I have some of the greatest managers and colleagues I have ever had in my working life. Yet one thing that seems to be highly enforced at our company are workplace silos, i.e. information should not flow between different teams/departments unless the managers want it to.

Most business and management books/articles/blogs seem to demonize the workplace silos... but since we are a very successful company (market leader) and have some very qualified staff, I imagine that there can be situations where it might be beneficial and productive to the company's purpose.

I am personally not offended by the silos, but would simply like to understand what drives and motivates their existence.

An example reason that comes to my mind is: a very new strategy that shouldn't be leaked anywhere, and thus is held secret even to internal staff.

  • 1
    I don't know your business, but in some, different groups in a company may be bidding for the same business from a company or agency so they have to truly work in different information silos because of it.
    – user8365
    Commented Jun 17, 2014 at 11:28
  • The answer depends on exactly how you are defining "silo". With a large enough codebase it becomes impractical for everyone to have equal expertise in all portions of the system, and some siloing happens naturally as people pick areas to focus on. "Everything in moderation, including moderation."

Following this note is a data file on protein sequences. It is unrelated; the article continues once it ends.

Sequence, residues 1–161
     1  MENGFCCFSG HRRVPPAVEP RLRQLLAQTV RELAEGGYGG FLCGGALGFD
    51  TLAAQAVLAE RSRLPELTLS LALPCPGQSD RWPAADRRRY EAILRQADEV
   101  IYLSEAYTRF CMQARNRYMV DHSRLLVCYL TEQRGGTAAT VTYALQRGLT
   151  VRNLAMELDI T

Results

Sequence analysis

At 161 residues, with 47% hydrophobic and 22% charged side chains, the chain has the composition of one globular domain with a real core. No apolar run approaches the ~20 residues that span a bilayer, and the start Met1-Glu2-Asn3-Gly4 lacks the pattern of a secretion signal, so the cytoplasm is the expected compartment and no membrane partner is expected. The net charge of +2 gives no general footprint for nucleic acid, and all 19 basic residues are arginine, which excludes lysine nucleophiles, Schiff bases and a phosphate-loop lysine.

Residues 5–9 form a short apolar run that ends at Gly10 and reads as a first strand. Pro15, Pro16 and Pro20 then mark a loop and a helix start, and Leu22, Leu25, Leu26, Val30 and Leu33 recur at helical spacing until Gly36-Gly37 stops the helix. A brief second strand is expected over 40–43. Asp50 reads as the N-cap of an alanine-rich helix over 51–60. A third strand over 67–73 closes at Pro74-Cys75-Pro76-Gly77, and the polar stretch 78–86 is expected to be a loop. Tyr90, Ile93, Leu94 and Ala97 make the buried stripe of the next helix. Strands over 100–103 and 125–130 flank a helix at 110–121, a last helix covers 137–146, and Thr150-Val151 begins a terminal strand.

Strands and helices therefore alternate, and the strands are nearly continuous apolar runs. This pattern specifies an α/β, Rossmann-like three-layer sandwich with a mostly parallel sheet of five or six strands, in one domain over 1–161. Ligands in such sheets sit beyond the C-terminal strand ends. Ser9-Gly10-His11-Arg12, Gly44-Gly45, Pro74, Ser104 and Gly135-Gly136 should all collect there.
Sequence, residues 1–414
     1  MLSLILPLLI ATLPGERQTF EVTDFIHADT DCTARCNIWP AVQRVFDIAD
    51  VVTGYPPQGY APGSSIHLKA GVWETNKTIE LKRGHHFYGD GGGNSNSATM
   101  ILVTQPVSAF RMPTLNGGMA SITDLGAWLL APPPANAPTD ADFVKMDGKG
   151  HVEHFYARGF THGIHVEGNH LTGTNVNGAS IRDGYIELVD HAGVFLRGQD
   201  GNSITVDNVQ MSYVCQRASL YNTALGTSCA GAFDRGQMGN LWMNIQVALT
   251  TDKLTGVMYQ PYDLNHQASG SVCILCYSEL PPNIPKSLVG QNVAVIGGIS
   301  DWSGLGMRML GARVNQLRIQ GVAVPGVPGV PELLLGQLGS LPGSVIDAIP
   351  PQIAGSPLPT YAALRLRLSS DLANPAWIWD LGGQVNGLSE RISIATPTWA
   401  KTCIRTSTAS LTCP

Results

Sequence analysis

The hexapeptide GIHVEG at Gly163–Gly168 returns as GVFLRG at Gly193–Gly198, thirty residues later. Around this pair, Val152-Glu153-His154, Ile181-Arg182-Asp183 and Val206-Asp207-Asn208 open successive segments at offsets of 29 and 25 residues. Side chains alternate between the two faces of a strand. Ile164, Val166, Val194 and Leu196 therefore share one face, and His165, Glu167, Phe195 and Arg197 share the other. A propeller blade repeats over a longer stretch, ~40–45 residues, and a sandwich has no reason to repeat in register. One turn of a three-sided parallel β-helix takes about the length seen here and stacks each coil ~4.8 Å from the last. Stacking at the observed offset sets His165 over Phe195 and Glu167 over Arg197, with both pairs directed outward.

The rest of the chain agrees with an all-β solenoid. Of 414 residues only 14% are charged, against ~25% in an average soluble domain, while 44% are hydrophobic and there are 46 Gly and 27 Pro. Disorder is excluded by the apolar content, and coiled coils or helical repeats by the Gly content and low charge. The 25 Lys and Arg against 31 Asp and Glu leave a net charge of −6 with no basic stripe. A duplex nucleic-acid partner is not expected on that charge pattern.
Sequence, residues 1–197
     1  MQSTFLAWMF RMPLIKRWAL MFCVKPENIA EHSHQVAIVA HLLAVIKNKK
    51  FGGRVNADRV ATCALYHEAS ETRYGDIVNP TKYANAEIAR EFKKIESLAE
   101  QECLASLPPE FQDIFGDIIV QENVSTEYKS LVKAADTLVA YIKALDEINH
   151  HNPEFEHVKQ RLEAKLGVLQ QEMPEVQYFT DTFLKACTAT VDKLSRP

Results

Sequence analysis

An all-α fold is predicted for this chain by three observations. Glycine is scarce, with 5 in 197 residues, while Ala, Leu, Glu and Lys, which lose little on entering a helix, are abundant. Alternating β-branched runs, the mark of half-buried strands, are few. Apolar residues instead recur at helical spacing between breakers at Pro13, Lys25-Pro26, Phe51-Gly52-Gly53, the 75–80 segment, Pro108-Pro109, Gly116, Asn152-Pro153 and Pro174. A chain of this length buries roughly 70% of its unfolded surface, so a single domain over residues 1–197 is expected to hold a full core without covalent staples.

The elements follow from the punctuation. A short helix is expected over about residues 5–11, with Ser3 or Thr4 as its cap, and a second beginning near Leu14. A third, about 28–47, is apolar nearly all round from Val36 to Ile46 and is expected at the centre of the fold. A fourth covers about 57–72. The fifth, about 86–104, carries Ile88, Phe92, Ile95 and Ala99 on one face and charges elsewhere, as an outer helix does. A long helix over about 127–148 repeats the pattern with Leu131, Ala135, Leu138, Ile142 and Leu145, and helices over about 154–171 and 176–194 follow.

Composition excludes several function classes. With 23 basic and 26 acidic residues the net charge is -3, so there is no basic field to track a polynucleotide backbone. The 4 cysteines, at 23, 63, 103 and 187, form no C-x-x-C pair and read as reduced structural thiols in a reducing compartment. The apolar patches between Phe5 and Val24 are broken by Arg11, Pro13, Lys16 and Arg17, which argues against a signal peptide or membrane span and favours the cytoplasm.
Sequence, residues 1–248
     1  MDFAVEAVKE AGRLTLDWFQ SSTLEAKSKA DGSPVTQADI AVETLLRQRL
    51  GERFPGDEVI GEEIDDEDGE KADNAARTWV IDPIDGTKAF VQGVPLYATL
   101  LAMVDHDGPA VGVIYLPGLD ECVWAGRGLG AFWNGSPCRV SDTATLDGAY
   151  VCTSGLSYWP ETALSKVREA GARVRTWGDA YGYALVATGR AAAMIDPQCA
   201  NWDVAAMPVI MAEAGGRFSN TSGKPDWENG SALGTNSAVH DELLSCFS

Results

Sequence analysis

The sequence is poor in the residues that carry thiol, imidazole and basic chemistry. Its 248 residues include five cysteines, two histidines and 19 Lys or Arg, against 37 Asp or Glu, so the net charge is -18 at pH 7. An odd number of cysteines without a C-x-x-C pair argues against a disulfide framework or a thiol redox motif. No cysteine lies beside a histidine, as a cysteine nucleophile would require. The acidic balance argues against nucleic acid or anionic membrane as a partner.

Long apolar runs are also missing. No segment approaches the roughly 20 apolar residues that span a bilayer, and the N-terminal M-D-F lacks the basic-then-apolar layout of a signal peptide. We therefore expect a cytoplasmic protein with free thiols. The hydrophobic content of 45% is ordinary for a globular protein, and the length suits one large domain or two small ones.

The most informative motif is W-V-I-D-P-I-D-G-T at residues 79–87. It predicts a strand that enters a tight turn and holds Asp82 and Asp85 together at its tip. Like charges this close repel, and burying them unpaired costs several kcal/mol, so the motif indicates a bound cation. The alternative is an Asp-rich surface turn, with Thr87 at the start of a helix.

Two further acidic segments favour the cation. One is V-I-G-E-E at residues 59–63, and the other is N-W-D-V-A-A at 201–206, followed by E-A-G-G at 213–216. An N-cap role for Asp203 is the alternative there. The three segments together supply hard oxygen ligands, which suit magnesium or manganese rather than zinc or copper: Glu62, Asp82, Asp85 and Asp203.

– keshlam
    Commented Jun 30, 2014 at 2:45

5 Answers 5


In my experience, silos work well in companies that highly value security and privacy. I have mainly seen this in companies whose primary business is contracted out to other companies. The customer will often require that their information be compartmentalized and separated from other parts of the company, particularly if you also work with one of their competitors. Companies that work with government customers are also often under strict security regulations and must keep all of their information compartmentalized.